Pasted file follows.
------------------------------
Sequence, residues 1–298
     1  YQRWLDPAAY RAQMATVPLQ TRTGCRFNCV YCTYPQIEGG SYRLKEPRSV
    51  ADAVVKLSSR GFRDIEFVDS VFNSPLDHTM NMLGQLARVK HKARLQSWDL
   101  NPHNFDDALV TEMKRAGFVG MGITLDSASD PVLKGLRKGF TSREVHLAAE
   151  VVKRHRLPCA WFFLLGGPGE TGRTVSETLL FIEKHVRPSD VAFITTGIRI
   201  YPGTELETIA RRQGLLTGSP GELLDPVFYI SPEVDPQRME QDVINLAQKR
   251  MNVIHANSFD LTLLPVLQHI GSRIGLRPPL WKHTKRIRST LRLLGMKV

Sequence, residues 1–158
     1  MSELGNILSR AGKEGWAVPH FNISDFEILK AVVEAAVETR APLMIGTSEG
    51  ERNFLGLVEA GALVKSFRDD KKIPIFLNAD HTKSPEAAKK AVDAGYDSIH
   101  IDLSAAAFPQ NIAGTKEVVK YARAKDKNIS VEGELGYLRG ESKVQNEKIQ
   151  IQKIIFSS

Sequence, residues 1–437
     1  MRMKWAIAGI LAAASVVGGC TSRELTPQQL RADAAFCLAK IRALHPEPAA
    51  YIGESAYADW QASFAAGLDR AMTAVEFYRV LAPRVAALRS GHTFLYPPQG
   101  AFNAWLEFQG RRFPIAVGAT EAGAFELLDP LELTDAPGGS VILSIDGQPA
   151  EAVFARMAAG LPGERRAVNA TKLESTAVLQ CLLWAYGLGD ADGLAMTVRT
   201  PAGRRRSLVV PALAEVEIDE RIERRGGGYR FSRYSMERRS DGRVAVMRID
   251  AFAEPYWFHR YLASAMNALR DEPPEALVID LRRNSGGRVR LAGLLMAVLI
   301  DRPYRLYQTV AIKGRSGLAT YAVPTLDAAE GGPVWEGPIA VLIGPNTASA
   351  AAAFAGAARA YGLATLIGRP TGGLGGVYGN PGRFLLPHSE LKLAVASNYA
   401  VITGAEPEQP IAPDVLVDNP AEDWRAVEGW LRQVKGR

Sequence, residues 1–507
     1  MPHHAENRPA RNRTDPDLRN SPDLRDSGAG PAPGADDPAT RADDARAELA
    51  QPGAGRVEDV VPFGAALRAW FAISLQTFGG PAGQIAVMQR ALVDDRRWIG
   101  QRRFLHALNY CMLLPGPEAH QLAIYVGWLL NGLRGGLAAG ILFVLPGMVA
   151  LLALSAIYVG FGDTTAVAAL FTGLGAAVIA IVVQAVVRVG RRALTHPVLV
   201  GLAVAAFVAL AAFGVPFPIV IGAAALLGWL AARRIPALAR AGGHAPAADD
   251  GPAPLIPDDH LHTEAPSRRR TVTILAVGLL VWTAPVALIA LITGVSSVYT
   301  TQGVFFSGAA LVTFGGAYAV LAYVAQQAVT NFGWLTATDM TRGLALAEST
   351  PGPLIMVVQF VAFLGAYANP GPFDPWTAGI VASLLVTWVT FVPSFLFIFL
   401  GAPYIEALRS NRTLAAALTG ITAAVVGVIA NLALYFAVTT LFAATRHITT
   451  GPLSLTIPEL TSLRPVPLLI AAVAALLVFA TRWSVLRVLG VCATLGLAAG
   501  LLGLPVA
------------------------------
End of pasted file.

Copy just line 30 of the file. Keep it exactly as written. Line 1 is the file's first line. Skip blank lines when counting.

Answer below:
   301  TQGVFFSGAA LVTFGGAYAV LAYVAQQAVT NFGWLTATDM TRGLALAEST